This week we went to a garment factory to learn how clothing is made and the type of work that goes into bringing your dream design to life. With just a few meters of fabric and a set of paper patterns, we visited a large Northern Europe mens gloves and clothing manufacturer with the goal of fully understanding the process. So we wanted to share our experience with you:
Without any past knowledge of the way that garment manufacturing actually works can be somewhat confusing. People who work with a clothing factory for the very first time are frequently frustrated by long lead times, delays, and the lack of flexibility coming from a factory when a company asks for last-minute changes. You also can review our guide on how to work with clothing manufacturers.
- Patterns – Digital vs Paper
The clothing manufacturer that we visited noted right away that for proper production and sampling, our patterns would need to be digitised since it is impossible to do some things with just paper patterns. In today’s digital world, it makes sense to have sewing patterns inside a file instead of just only on paper. The pattern making specialist at the manufacturer and took our paper patterns and put them on a big board called a digitiser. This allowed the paper patterns to be inputted by the pattern maker into their systems. The Assyst software was used by this factory. Each part of the pattern was paced around using a hand-held device to take a photo of the pattern’s position for each of the dots. They went around the entire pattern piece until all of the information had been collected and the pattern showed up in their software. The process is quite time-consuming since there are tens of panels on some of the garments. We were fortunate to only have a couple.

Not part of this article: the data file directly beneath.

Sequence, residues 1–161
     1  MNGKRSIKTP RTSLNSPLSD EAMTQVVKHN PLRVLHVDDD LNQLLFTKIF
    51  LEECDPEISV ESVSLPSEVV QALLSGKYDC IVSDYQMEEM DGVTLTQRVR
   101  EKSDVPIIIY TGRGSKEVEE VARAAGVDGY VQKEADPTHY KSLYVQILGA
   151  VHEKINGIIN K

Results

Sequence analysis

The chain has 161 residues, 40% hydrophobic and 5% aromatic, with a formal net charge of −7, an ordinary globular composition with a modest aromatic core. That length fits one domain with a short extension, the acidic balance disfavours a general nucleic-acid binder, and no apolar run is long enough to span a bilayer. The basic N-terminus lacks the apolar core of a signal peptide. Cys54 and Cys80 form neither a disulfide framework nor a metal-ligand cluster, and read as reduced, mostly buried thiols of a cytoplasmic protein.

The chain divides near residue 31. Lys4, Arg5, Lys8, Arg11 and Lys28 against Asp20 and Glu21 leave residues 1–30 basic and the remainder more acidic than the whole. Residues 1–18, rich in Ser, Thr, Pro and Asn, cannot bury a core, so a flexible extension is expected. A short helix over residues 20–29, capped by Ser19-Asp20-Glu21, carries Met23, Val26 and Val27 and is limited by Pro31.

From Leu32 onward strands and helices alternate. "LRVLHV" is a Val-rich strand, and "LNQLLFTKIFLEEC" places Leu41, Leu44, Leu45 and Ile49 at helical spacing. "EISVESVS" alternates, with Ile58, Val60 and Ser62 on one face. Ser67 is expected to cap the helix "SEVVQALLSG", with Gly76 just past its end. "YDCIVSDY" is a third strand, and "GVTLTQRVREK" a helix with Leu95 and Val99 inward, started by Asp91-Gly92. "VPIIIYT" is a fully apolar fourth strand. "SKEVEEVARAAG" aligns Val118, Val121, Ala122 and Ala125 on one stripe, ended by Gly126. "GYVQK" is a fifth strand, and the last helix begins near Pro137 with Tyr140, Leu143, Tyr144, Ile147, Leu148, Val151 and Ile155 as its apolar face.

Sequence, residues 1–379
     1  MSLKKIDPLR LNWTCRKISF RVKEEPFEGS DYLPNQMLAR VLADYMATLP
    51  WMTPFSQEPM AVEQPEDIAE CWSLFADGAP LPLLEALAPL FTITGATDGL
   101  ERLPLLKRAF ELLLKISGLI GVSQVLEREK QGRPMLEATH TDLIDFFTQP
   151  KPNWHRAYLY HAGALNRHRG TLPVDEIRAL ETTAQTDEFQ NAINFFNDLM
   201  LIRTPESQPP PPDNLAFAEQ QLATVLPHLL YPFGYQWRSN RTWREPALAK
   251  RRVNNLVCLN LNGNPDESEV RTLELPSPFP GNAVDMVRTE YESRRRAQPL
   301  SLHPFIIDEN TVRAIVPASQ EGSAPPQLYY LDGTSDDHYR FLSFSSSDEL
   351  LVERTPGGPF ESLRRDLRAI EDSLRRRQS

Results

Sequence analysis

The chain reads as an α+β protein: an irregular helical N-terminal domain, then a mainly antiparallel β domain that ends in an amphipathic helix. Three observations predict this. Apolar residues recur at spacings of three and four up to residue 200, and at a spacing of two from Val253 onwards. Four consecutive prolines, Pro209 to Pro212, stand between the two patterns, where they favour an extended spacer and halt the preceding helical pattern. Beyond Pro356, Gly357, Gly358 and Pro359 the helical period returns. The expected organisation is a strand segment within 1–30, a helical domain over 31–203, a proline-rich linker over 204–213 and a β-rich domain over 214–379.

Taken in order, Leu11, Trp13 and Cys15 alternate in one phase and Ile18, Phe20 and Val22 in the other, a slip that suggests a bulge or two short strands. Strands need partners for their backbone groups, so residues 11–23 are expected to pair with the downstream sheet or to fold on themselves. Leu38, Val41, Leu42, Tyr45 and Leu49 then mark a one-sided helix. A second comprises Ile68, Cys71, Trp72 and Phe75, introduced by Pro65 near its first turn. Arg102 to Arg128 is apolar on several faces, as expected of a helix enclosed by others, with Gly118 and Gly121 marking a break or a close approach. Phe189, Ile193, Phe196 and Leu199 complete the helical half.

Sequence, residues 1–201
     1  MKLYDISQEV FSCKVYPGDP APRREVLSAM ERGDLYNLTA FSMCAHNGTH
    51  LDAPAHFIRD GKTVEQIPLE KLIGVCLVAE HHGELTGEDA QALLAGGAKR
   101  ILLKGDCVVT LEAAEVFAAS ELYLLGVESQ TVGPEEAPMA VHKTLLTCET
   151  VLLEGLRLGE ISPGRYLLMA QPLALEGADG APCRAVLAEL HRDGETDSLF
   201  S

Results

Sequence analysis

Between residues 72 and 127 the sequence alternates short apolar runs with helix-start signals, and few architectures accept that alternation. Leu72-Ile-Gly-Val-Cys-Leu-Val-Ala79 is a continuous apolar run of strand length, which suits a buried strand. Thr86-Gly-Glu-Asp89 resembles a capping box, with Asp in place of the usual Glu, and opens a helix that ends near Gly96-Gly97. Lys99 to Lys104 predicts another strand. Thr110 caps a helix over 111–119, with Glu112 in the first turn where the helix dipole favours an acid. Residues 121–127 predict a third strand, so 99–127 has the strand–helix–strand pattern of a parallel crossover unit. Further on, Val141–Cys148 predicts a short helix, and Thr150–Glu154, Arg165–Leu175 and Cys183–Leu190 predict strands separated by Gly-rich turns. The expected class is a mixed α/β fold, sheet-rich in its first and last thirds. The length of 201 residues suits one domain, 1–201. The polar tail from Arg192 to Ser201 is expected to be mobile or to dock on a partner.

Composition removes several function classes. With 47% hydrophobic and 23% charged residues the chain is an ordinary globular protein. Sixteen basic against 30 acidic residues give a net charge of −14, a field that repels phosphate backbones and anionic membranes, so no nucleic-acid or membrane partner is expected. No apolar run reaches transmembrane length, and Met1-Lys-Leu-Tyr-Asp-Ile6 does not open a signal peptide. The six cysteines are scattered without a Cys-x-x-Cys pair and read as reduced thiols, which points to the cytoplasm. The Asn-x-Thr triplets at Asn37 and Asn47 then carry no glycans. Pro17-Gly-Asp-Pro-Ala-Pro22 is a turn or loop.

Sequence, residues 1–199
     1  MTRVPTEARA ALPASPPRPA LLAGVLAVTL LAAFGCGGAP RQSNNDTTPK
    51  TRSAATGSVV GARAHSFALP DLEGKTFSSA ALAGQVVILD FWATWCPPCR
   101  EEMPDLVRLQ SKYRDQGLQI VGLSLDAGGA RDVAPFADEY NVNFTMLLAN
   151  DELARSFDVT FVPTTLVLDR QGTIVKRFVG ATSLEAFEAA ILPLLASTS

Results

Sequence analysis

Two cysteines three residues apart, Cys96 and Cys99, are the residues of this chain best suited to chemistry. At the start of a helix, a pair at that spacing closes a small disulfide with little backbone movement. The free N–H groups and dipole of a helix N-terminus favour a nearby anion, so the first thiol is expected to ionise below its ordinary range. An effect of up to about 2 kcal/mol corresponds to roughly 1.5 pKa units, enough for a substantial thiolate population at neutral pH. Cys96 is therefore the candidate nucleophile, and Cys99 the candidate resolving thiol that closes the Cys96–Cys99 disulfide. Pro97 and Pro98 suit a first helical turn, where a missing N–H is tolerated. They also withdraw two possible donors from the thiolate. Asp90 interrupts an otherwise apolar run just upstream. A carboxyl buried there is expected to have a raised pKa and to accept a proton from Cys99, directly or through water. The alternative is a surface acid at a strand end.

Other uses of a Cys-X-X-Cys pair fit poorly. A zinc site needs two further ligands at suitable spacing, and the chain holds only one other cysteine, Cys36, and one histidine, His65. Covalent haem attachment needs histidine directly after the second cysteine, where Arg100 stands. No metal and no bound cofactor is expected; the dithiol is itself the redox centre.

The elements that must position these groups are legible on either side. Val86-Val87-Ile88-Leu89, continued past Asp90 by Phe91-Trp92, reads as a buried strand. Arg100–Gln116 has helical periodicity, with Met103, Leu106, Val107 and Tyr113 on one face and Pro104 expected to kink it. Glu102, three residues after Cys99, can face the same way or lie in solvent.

- Sorting the patterns after they were digitised
The pattern maker detected that there were a few small imperfections and rough places that could be easily adjusted and fixed since the pattern was now in their system. When the pattern maker works with digital patterns it allows them to make changes and alterations with surgical precision. All of the measurement adjustments were tracked and visualised in real-time. The same patterns were used later on to grade other sizes once we approved the product samples. The same software is used to do the size grading.
- Lay-plan: Preparing patterns for production
Printing the patterns out on a plotter was the next step. In order to do this, the factory specialist needed to prepare an appropriate lay-plan, which involved laying all of the pattern blocks out in a specific order (from our case sampling) while considering things like roll width, fabric length, and the total number of items being produced along with a breakdown of all the sizes. It was done quickly since the pattens were in their system. The software used with the lay-plan recommended the optimal layout of the patterns (geometrical shapes) for the quantities that we had as well as other criteria in order to reduce fabric consumption and make the best use of our fabric. The software did this fairly well, but it could still be improved.
- Cutting the fabric
Our patterns were printed out by the plotter from our pre-compiled lay-plan. The workers then cut the fabric. The pattens got printed out on special paper. They stuck seamlessly to the fabric. That way, nothing would slide when the fabric was cut. As the cutting started we notice the first part was done manually using scissors, but then specialised equipment was used to trim the finer parts.